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Spokane, Washington  Est. May 19, 1883
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A Big Raise Schmeddings’ Dream Barn Finally A Reality With Help From The Entire Family

Floyd Schmedding’s barn stretches so high, it invites a crook in your neck. It’s so big, that even packed with 35 tons of hay, there’s room for a game of three-on-three basketball inside. And it’s so, well, friendly, that dance music whispers, although the construction crew won’t lay the floor boards until next summer.

“I can imagine when we have a big family gathering, this barn will be romping,” Schmedding said.

The barn is a big red dream for Schmedding. It’s a family project. A childhood thing.

Never mind the practicality of hay storage, the convenience of shelter for early calves, the joy of a place to shoot baskets. “I had to have the building,” he explained.

The construction crew was mostly family, some friends. The mainstays were Schmedding, who’s an accountant; his wife, Linda, who was the crew cook; his daughter Sarah, 20, a professional boxer; and “the grandfathers,” as Sarah calls them, 84-year-old Harry Schmedding, Floyd’s father, and 72-year-old Bernard Schutte, Floyd’s father-in-law. And Eric Leavell, a friend whom Floyd credits with having expertise, tools, courage and savvy. “I’m indebted to him.”

Schmedding, 48, started on the barn four years ago. It’ll be done, loft and all, next summer.

First came the tough job of choosing a design. Nowadays, new barns are metal-skinned, broad, low. “And ugly,” Schmedding said.

In thorough, accountant style, he drew 20-odd designs, pulled over on umpty-two roads to study the round roofs, the broad roofs, even the falling-in roofs of yesteryear’s barns.

The work occured mostly on weekends. When the crew was framing in the barn this spring and summer, the structure looked like the ribcage of a rural cathedral. They grew used to nosy souls turning up the driveway, just south of Seltice Road. One fellow drove right up inside the barn, while Floyd and his helpers were passing 3-by-8s over-head. “I hollered at him to get out of the way, before we dropped one and beaned him,” Schmedding said.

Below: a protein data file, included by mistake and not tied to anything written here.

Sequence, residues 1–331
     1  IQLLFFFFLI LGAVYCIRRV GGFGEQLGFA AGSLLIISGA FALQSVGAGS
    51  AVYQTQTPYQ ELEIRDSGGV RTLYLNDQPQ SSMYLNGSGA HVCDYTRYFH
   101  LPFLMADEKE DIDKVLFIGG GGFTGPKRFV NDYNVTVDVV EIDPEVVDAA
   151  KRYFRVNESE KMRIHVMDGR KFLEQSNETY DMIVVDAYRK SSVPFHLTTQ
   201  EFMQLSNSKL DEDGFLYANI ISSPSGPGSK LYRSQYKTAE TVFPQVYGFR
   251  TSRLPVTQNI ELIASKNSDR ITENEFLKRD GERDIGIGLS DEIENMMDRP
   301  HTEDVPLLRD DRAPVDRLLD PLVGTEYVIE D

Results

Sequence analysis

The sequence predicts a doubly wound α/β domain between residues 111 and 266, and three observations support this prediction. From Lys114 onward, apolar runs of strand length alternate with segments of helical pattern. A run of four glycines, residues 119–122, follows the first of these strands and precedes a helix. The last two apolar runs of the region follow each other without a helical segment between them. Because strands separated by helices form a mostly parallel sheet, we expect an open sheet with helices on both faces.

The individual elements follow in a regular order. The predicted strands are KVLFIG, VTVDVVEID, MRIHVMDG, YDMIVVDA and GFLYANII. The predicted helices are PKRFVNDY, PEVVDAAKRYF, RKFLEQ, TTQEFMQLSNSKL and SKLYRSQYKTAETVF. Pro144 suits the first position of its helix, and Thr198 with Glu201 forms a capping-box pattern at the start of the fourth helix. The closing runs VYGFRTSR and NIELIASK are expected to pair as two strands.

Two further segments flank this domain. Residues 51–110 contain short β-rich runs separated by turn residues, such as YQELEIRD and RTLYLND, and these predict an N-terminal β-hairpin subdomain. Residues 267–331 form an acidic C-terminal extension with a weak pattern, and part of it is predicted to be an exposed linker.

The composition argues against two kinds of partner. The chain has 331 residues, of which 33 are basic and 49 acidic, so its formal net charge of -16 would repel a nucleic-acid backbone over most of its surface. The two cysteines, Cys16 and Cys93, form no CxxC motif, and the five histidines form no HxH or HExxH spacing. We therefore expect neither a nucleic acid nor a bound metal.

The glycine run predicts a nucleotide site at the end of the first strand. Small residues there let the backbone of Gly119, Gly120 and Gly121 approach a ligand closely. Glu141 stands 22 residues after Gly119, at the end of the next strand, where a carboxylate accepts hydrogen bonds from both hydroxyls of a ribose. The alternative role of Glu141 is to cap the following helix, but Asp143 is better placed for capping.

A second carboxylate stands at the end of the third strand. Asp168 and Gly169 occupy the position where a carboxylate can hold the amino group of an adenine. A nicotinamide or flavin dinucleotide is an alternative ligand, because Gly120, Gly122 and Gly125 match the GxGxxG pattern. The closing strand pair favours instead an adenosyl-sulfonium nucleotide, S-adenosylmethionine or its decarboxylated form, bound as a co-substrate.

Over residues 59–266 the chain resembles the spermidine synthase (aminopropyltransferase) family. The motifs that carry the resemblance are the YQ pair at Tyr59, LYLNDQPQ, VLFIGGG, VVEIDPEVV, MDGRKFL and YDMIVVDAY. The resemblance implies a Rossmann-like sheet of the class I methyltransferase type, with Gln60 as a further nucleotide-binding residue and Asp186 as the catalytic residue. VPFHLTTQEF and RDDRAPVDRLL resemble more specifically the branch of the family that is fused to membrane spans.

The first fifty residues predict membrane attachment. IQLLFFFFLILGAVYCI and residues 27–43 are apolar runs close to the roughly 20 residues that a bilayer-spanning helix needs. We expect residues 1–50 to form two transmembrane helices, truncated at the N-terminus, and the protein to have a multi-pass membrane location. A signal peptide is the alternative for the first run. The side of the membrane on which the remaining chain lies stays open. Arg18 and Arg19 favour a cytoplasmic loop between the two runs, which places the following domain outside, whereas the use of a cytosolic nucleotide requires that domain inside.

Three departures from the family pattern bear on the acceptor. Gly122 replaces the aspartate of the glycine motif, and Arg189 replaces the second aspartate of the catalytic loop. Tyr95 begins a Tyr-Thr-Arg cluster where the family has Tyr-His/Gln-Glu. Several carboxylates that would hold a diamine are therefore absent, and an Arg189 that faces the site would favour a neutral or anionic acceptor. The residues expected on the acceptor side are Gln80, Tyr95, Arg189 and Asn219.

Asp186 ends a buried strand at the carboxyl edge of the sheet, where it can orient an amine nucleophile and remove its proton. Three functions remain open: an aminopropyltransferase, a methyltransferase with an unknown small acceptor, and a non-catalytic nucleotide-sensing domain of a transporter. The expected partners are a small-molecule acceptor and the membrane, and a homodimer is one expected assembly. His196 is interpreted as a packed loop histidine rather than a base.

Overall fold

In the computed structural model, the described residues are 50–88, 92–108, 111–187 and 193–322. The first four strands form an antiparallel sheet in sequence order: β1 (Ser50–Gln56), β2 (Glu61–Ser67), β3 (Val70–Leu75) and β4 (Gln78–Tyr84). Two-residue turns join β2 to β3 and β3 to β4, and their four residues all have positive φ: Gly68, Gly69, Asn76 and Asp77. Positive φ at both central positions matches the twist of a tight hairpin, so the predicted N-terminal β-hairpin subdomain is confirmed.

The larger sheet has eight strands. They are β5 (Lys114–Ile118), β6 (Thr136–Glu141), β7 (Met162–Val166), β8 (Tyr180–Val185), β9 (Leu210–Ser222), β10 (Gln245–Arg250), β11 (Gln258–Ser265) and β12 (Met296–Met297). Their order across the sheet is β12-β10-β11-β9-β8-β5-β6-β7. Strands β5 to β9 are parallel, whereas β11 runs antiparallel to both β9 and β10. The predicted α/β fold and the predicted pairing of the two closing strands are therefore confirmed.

More than one visitor asked, “Can you build one for me?”

Fat chance. Schmedding’s not into setting trusses, or straddling cupolas on a windy day for money. He set, and then reset, the octagonal windows on the ends of the barn, not just to be good enough, but to be just right.

Floyd, Linda and their three daughters have 30 acres in the pretty Greenacres valley, with cows and calves, and sometimes horses.

They also own part of a pond. “The tail end,” as Floyd put it. He ushered a visitor up a ladder, up the tiers of hay bales to one of the small square windows set up high. There, through the window you can see the pond, animals grazing, and timber marching down the hill. Much of the surrounding land is wet enough to be unbuildable, and that suits Schmedding just fine.

“I’m not an environmentalist per se, but I’ll protect that wetland,” Floyd said.

The fragrance of alfalfa was all around, and the chilly wind couldn’t work its way into this corner up under the roof. So, Floyd and his visitor settled in, atop the hay bales.

He told about ordering the 10-inch white pine siding from a mill in Kamiah, Idaho, then waiting from November until March or April for the order to be ready. But that didn’t matter so much, because it took him until June to get his brother, Larry, to drive down and pick up the siding.

Somehow, talk in the barn wove its way into childhood memories and philosophizing about raising children.

Basketball is a big game for the Schmeddings. Floyd coached YMCA basketball for 11 years - “I get called ‘coach’ in the weirdest places.”

“I got into it for my children. Then after a while, I wasn’t into for them, so much as all the kids. And that’s when it really became good for my kids.”

On his own early years:

“Everything about my childhood was positive.” With seven children and a truck farm to work in Veradale, no one was idle.

In those days, homes were few in the hills. Only the Courchaine homestead, just up the draw, was snugged into the hills. Nowadays, five and 10-acre lots are swallowing up the land.

“When we were kids, we went hunting up here,” he said, gesturing to the woods and hills beyond the pond.

“And if anybody yelled at us, we knew it wasn’t because they were being stingy. It was because we were doing something wrong.”

Ask Floyd if he has special memories about barns in his childhood, he comes up with one: His mother, Eleanor Schmedding, was entertaining visitors, and the children were in the way.

“She said, ‘Why don’t you kids go throw rocks at the barn.’ “Well, we did. And we broke every window in that barn,” Schmedding said, shaking his head over the mischief.

Work on his big red barn isn’t done yet.

The windows need trimming. The doors need building. The floorboards will be 3-by-8’s, both in the loft and on the floor. Floyd is still tweaking his engineering plans so that his loft will carry a winter’s worth of hay.

And of course, someone has to hang the basketball hoop.

, DataTimes ILLUSTRATION: 6 Color Photos

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